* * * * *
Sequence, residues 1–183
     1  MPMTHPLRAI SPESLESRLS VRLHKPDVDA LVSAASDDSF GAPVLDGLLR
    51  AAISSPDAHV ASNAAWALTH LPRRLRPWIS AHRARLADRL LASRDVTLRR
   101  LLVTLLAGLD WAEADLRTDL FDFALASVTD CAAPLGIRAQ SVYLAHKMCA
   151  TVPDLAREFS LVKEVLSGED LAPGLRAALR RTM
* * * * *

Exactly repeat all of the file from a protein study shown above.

Sequence, residues 1–183
     1  MPMTHPLRAI SPESLESRLS VRLHKPDVDA LVSAASDDSF GAPVLDGLLR
    51  AAISSPDAHV ASNAAWALTH LPRRLRPWIS AHRARLADRL LASRDVTLRR
   101  LLVTLLAGLD WAEADLRTDL FDFALASVTD CAAPLGIRAQ SVYLAHKMCA
   151  TVPDLAREFS LVKEVLSGED LAPGLRAALR RTM